- A technical description of what the problem is: Our audience is (mostly) composed of technical people, so some degree of detail and openness in our technical descriptions is appreciated. This also lends us credibility when we outline the actions we will make to avoid/mitigate future incidents.
- What we are doing to resolve the problem, again with some level of detail: Ideally this means something other than “we are applying a fix”. Of course we are applying a fix, but we need to to communicate what that fix is. Maybe we are increasing capacity on one specific layer in our ingestion pipeline, or clearing the cache on one particular service.
Updates should be clear and concise, but at the same time, should answer all the questions above.
How open should we be?
The answer is, as much as we reasonably can be. We already provide a bunch of what are essentially internal metrics in our public status page, because our users appreciate that level of detail. That said, there are some things we don’t necessarily want to share:
- Internal service names: Refer to them with generic names that make sense to our users, such as “aggregation service” or “alerting service”.
- User/server counts, traffic rates: Essentially, think twice about sharing things that are defined by an absolute number, i.e. “1234567 datapoints were dropped during this incident”. It’s better to express them as percentages instead, i.e. “10% of users were affected”, “3.5% of datapoints ingested between X and Y were affected”, etc.
- Additional details that don’t relate to this particular incident. For example, if things broke after a deployment, it might not be necessary to specify that the deployment was “adding stardate support to grafana” unless it’s particularly relevant to the issue at hand.
Some notes on language and things to do/avoid
Do: Be clear and concise
Our goal is to provide our users with answers, not more questions, so let’s try to be as clear as possible. This means that,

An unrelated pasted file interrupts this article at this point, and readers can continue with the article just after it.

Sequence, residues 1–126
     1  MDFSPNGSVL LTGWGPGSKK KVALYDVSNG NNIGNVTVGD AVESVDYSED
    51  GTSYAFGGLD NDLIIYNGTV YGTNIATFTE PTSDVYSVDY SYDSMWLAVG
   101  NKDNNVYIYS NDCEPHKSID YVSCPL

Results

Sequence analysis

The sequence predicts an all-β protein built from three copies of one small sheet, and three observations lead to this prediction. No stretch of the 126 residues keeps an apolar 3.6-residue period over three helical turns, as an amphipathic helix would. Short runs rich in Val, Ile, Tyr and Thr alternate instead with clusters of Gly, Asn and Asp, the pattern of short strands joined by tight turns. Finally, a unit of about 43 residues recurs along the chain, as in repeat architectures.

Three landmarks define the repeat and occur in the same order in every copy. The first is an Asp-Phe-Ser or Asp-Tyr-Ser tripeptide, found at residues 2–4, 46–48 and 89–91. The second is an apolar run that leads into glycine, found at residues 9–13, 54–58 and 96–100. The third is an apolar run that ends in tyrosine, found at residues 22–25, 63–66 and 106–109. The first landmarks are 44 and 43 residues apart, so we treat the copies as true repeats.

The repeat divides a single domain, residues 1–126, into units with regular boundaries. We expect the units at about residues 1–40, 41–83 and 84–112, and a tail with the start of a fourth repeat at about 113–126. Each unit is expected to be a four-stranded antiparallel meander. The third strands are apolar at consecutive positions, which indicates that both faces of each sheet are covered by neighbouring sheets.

we have implemented a fix
is meaningless without actual details on what the fix really is. Here’s a great example of what not to do (what happened? was there an issue? did it get fixed? what did you do? who killed Laura Palmer?):
|18:23 IST Everything is operating normally.
18:06 IST We are investigating issues loading stylesheets.
18:04 IST We are investigating reports of a spike in error rates.
We are monitoring the situation.
is a bit useless as well, unless we want our users to know we’re keeping tabs on this guy. If we want to convey to our users that we’re monitoring, it pays off to be specific about what exactly we’re monitoring, for example:
We are monitoring the results of the backup restore job and it looks good so far.
So far no errors have been reported by our plumbus cleanup subroutine.
Usually we prefer the active voice over the passive voice, so:
we are rebooting the affected server.
is better than,
the affected server is being rebooted.
This helps us better indicate who is performing the action.
Splitting our update across paragraphs is usually a good idea too. For example, use the first paragraph to describe the issue that has been identified, the second paragraph to talk about the actions we are currently taking to mitigate it, and the closing paragraph to add some extra clarification. This helps to separate different ideas in a clear way. Here’s an example from our own status page: